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Meeting room phone-fiddlers caught every 7 minutes

Research suggests that in an average 45 minute business meeting, attendees will turn to their phone 6 (SIX!) times. Are you a smartphone addict or can you set the mini-tablet to one side?

Recent research by Android app Locket, found that the average time a user checks their phone is nine times an hour. An average business meeting takes 45 minutes, which means attendants are potentially turning to their phones at least 6 times in the space of that assembly. However, is it really ok to check your phone whilst in a meeting?

Although multi-tasking can be seen as a desirable skill in most job descriptions, it isn’t seen quite as that when workers start using mobile devices during a business meeting.

The problem

It is still a common perception that when someone is on a mobile phone their attention is divided. Imagine, running an important meeting and seeing your colleagues hunched over their phones; to some this might suggest that they have more important things to do. In truth, the level of engagement from people in a meeting can set the tone and productivity of it so can anything be done to keep people ‘in the room’?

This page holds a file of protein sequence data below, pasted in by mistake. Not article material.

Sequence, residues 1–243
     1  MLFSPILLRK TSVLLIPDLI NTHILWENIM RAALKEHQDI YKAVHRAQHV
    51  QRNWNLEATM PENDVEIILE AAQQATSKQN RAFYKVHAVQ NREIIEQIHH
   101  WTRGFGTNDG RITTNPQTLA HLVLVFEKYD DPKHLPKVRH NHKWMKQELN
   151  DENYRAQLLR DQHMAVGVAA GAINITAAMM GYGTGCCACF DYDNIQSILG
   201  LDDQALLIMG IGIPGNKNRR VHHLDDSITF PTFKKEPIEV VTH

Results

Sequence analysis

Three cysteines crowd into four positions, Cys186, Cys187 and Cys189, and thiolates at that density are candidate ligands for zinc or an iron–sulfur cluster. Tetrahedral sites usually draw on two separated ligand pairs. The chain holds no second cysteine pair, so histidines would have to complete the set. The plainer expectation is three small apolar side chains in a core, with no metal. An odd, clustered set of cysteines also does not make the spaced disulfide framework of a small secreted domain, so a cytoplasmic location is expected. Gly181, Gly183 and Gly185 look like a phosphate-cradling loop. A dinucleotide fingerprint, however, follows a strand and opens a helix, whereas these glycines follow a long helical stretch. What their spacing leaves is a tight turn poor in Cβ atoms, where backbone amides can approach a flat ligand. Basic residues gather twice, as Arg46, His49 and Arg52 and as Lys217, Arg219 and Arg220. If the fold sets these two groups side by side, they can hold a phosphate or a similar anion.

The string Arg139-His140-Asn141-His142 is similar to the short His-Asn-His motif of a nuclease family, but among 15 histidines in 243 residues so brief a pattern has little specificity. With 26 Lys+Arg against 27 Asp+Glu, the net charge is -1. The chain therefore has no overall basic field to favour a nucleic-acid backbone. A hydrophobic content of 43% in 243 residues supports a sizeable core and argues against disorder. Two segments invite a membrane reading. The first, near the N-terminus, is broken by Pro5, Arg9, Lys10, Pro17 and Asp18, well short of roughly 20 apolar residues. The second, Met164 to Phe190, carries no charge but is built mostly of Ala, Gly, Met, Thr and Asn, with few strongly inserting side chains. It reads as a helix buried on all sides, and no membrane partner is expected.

Forbes Magazine’s recent article “how to get people off their phones in meetings without being a jerk” provides a helpful list of suggestions.

Firstly, it points out you could just ask people to leave their phones outside the meeting room or confirm that phones need to be turned off before the meeting commences. When requesting such things, Forbes says it is vital to explain why it will benefit the meeting. Without an explanation you may come across unreasonable and people will keep thinking of this throughout the meeting, ultimately they won’t concentrate on the topic at hand.

A genuine condition…

It is also important to consider that some people could be suffering ‘Nomophobia’ and some could actually be addicted to their email so meetings can feel like an absolute torture to them. However, instead of giving in and letting them check on their phones during the meeting – give attendees an opportunity for escape. If the meeting lasts longer than the average 45 minutes, make sure you set and announce times for breaks and lunch. Furthermore, make sure you stick to the set times. Otherwise people’s attention will automatically switch off if you haven’t delivered the promised break on time.


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